Cyclic Voltammetry Stripping: The Fundamentals

Cyclic voltammetry stripping (CVS) is widely recognized as a potent tool for monitoring concentrations of organic additives in plating baths.

Concentrations of additives in the plating bath have a considerable impact on the deposit’s ductility, tensile strength, and solderability. Regular and ongoing CVS analysis of organic additives can help ensure continuous, problem-free operation.

Information on the plating bath provided by CVS is more objective than that of a Hull Cell. While a Hull Cell provides a qualitative indication of the condition of the bath, CVS allows the plater to precisely replenish additives, thus ensuring the bath continues to operate properly.

Image Credit: ECI Technology

CVS Analysis

CVS is an electrochemical technique utilized in the measurement of organic additives in plating baths. CVS is centered around the impact of additives on the electroplating rate –- the activity of any type of organic additive (leveler, brightener, grain refiner, etc.) will be reflected in a change in the plating rate.

Analysis is undertaken in an electrochemical cell utilizing a three-electrode system. One of these electrodes is a platinum rotating disk electrode, and the potential of this electrode is controlled by the instrument during measurement.

Potential is scanned at a constant rate, switching back and forth between the electrode’s negative and positive voltage limits.

A minimal amount of metal from the plating bath will be plated onto and then stripped off the working electrode as the potential changes. Throughout the scan, the current at the working electrode is measured and recorded as a function of potential. Additive activity will impact the plating rate of the metal onto the electrode.

Plating rate is established by calculating the charge necessary to strip the metal off the working electrode. The relationship between the stripping charge and the activity of the additives can therefore be utilized to quantitatively measure additives and their components.

Fresh additive is used as a standard. This is used as supplied by the manufacturer, and the additive’s activity in the production bath is stated as a concentration (ml/l) of fresh additive.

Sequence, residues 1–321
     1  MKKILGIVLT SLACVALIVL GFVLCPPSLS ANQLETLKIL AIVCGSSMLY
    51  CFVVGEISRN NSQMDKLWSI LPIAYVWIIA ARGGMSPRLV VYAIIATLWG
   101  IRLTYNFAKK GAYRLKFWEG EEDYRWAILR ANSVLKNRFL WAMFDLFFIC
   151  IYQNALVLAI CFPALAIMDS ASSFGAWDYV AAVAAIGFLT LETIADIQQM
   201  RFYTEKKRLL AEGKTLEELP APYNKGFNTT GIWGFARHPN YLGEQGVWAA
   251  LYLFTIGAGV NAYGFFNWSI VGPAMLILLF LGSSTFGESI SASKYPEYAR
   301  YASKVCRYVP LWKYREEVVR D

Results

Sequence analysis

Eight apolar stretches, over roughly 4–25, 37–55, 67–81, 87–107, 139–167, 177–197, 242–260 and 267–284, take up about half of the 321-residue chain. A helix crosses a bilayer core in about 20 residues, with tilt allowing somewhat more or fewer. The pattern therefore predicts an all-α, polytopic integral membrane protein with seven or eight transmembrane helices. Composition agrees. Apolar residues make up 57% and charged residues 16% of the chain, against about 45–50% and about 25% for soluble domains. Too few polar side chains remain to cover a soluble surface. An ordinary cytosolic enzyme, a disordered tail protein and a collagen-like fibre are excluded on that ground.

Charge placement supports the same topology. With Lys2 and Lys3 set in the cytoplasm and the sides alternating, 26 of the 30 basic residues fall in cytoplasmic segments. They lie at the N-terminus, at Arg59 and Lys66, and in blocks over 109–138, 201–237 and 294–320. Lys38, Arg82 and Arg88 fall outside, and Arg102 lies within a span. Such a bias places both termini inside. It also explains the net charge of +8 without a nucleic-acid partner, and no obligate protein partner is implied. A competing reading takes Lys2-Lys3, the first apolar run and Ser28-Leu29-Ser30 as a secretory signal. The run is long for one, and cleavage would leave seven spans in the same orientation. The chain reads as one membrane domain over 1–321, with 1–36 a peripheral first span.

ECI Technology’s QUALILAB® Elite Plating Bath Analyzer is able to perform the patented CVS analysis automatically. QUALILAB analyzers have been specifically designed to analyze plating baths.

The user is guided through comprehensive analytical procedures, and the analyzer performs appropriate calculations before reporting active concentrations of additives present in the bath.

Using CVS for Plating Bath Analysis

Figure 1 displays an example voltammogram (plot of the measured current vs. applied potential) for an acid copper plating bath.

The image in Figure 1 is a display from the QUALILAB Plating Bath Analyzer. Within this image, potential governs the electrochemical reaction that occurs.

Potential is displayed on the X-axis, with potentials becoming increasingly positive from left to right. A positive-going potential will become more strongly oxidizing, while a negative-going potential will produce a more strongly reducing condition.

Current is displayed on the Y-axis. Here, a positive current corresponds to oxidation, while a negative current is the result of a reduction.

The voltammogram has multiple regions of interest. These are outlined below.

Plating Region: Points 1 to 2 and 2 to 3

As the platinum electrode is plated with metal, the current is negative in this region. Because plating time is robustly defined by the scan rate, the plating rate in this region can be accurately estimated as the amount of metal plated in the plating region.

Cleaning Region: Points 4 to 5 and Back From 5 to 6

A positive potential on the electrode is employed to desorb organics, as well as to clean the platinum electrode’s surface. This cleaning segment is essential if accurate and reproducible results are to be ensured when using CVS.

This region is also commonly used to monitor chloride levels and oxidizable organic contaminants in acid copper baths.